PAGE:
But firstly, as unintuitive as it may seem, you need to tell your customers who your competitors are. In other words, your customers need to know your category membership. For example, consumers know that Nikon makes cameras, but they might not know if Hewlett-Packard (HP), who also makes cameras, is in the same league. So, it’s important to reinforce your category membership – or, why you deserve to be in the same league as the others. Once you define that, you can go on to defining what makes you different.

Your brand’s points of difference (PODs).

Now you’re onto defining what makes you different. you need to identify your points of difference (PODs) as a brand. So, what makes you different? A good POD is one that is both desirable by your audience, and also deliverable by you [1]. In other words, you need to pick something that makes you different, but that something must hold some relevance to your audience, and you must be able to reliably deliver and stand by that point of difference.

Okay, so now you have defined your category membership, and your points of difference. You now know what your brand’s position is in your market. Awesome. Now that you know what your brand’s direction is, and what it’s position is, you can go ahead and devise a strategy to make sure that your reputation reflects that.

Step 2: The brand strategy process - get the brand you want.

Now you can define your strategy to make your reputation a reality.

Remember, a brand is a perceptual entity – it corresponds to reality as your audience perceives it. Now that you’ve defined your desired brand from your brand’s direction and positioning, it’s time to make that your actual brand as perceived by your target audience. Defining the brand strategy is the art of using the resources you have to make your target audience perceive your direction, and your positioning, as you want them to.

What is in a brand strategy?

brand strategy is the process of using the resources you have at your disposal to show your target audience what your brand’s direction and positioning is.

Basically, brand strategy is the process of using the resources you have at your disposal to show your target audience what your brand’s direction and positioning is. These resources are your various points of contact with your audience; from your product, to your logo, your business cards, your website, your office or storefronts. How you use those points of contact to build your brand is exactly what your brand strategy achieves. This is actually quite simple to do on its own, but you may run into issues when you factor in the requirements of your marketing strategies and your drive for sales. In the next couple of sections, I go over how you can use your points of contact to build your brand, and how your marketing can actually hurt your brand.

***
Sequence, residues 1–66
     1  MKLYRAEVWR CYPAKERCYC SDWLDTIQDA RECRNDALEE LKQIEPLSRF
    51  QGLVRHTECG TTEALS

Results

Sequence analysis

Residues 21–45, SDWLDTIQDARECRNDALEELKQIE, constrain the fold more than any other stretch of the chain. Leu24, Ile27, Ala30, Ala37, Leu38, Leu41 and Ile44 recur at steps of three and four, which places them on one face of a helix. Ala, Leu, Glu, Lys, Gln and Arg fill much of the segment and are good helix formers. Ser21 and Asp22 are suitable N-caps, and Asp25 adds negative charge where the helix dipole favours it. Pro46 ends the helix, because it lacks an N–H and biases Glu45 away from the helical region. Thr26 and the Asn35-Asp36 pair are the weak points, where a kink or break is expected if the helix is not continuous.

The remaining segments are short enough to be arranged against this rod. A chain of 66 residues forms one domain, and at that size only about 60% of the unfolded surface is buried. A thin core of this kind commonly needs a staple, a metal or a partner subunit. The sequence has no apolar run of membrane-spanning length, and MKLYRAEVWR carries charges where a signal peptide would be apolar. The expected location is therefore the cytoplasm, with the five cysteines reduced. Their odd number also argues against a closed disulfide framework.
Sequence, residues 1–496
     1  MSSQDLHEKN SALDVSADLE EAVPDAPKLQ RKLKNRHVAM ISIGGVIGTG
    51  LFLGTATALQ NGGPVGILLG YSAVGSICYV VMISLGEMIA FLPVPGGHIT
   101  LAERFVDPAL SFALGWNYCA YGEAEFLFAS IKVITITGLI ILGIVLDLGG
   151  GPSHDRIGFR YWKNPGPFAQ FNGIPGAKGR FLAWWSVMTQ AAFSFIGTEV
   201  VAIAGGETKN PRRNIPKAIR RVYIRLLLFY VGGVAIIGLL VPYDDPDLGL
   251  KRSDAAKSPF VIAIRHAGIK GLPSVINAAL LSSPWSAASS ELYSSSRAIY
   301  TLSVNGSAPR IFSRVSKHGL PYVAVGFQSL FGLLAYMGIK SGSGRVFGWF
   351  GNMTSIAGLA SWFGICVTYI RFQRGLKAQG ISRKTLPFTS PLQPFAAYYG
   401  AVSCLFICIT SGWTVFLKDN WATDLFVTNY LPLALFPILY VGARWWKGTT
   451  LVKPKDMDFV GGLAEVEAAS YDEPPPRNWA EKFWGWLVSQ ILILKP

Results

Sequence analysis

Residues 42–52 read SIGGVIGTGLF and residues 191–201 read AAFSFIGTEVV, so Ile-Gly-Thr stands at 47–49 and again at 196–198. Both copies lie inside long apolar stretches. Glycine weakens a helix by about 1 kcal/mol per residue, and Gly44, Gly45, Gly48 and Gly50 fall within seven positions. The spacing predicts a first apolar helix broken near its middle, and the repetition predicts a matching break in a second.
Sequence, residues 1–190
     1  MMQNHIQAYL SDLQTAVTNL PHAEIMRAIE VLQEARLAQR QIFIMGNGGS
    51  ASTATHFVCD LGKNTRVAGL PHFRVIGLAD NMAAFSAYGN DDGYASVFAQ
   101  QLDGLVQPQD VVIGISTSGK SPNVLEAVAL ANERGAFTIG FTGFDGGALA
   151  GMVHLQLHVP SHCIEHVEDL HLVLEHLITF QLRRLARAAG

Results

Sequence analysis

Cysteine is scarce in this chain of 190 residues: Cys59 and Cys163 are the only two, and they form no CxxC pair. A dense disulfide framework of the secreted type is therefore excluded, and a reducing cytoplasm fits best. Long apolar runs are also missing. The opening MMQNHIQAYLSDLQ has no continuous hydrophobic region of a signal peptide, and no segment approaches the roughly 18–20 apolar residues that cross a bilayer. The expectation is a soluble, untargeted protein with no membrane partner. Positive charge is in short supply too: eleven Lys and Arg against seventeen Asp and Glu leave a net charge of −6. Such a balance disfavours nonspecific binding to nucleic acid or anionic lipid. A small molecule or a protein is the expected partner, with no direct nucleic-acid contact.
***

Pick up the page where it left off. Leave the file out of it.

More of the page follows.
Using your points of contact to build your brand.

Your product, your logo, your website – your everything – must reflect your brand’s direction and positioning.

You know your brand’s direction and your brand’s positioning. Now reinforce it. Your product, your logo, your website – your everything – must reflect your brand’s direction and positioning. If you value quality, your products, logo, everything, must denote quality. If your brand’s story is to change the world, your website should state this. Your employees should know this, and you should inspire them to believe in it.

Make it a goal to check every point of contact you have with your stakeholders – do they reflect your brand’s direction and positioning? Do your customers know what your brand’s story is? Do your employees?

Making sure your brand and your marketing don’t conflict.

marketing is about ‘identifying and meeting human and social needs;’ it mentions nothing about building and maintaining a reputation.

I’m not going to go much into the difference between marketing and branding here but suffice to say that while a brand is a reputation, ‘marketing’ as a whole is about ‘identifying and meeting human and social needs’ [1]. It mentions nothing about building and maintaining a reputation. Now your brand is built over time through hundreds of small acts. When you go out to market your product or service, or otherwise get more sales, you don’t want to destroy the hard work you have done. In my experience, the easiest trap to fall into is that of pricing. If your marketing requires you to lower the price of your product to compete and you are building a reputation as a high-quality provider, your brand and your marketing are at odds. Add in the temptation to lower quality, and you’re truly gutting your brand.

Don’t do that.

Instead, find a way to make your brand and your marketing live harmoniously. When you devise any marketing strategy, make your brand a key point to consider. Though the prospect of quick sales is always tempting, ask yourself – will this make or break my brand? And if the answer is break, then you better have a pretty solid reason for it.

And there you have it. Those are my steps to building your brand and making it unforgettable, with a brand strategy. Easier said than done? Perhaps, but a brand is hard work. This is why only a few notable organisations have really cracked it, and almost all of these brands are huge and can afford to throw money at it. I want more people to crack this, and I want to do my part to benefit the smaller businesses that don’t have the finances to make it happen. I’ve put together my best advice on it, because I think that a good framework is needed for people to be able to do it themselves. So, from one entrepreneur to the next: go make your brand unforgettable.

The References.

[1]      P. Kotler, K. L. Keller, and S. Burton, Marketing Management, 1st ed. Frenchs Forest: Pearson Education Australia, 2009.
[2]      M. Halttu, “Corporate brand building in different small business growth stages,” University of Oulu, 2005.
[3]      N. Granitz and H. Forman, “Building self-brand connections: Exploring brand stories through a transmedia perspective,” J. Brand Manag., vol. 22, no. 1, pp. 38–59, 2015.
[4]      L. de Chernatony, “A model for strategically building brands,” J. Brand Manag., vol. 9, no. 1, pp. 32–44, 2001.